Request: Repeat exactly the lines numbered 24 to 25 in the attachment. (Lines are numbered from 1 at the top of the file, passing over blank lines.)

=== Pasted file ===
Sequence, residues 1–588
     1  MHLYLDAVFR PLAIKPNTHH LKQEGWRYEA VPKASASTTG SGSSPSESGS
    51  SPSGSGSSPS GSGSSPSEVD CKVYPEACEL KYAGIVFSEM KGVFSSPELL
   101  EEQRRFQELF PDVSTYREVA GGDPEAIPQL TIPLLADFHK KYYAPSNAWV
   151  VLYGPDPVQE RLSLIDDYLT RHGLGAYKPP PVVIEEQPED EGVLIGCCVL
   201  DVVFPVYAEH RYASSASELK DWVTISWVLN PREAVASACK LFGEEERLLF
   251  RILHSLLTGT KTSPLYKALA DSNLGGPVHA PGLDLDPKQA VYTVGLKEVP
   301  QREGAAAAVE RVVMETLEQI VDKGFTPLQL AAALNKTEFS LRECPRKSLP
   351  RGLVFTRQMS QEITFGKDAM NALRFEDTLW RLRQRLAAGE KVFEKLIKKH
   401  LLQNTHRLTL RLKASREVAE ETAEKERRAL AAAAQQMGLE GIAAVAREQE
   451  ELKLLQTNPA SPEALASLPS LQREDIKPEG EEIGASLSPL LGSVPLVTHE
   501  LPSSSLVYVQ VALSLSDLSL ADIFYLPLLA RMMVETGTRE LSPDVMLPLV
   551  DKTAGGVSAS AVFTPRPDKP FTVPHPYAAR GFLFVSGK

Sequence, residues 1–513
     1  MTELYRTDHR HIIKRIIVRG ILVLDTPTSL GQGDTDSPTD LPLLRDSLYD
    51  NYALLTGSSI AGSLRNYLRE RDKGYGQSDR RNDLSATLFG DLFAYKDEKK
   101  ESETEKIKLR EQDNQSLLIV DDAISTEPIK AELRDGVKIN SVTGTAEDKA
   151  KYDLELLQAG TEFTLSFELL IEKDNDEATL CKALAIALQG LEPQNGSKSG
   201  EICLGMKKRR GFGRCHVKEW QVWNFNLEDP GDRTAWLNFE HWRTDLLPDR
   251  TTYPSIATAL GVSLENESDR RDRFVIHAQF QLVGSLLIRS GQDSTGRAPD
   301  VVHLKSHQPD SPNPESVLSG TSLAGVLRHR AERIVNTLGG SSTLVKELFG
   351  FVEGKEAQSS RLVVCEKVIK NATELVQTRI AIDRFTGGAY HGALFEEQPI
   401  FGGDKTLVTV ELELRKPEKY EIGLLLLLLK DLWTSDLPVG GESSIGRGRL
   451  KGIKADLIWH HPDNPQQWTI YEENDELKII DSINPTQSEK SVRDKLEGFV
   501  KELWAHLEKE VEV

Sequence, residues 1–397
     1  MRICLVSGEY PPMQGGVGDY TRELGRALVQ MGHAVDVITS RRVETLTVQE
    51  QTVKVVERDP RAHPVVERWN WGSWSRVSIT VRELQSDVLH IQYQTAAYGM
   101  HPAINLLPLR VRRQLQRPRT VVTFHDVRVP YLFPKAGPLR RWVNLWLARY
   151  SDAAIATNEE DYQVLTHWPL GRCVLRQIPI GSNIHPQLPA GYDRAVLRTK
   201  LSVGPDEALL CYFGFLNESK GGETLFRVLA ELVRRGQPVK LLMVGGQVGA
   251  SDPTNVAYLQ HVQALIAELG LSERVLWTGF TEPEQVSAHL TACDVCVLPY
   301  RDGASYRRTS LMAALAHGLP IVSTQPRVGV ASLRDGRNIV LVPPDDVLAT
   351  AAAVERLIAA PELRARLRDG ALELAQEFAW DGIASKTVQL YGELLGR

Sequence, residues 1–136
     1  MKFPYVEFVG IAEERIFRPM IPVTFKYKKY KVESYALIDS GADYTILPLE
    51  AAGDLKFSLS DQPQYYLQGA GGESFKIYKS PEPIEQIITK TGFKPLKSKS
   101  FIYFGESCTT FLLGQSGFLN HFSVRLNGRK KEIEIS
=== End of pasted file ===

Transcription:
   451  KGIKADLIWH HPDNPQQWTI YEENDELKII DSINPTQSEK SVRDKLEGFV
   501  KELWAHLEKE VEV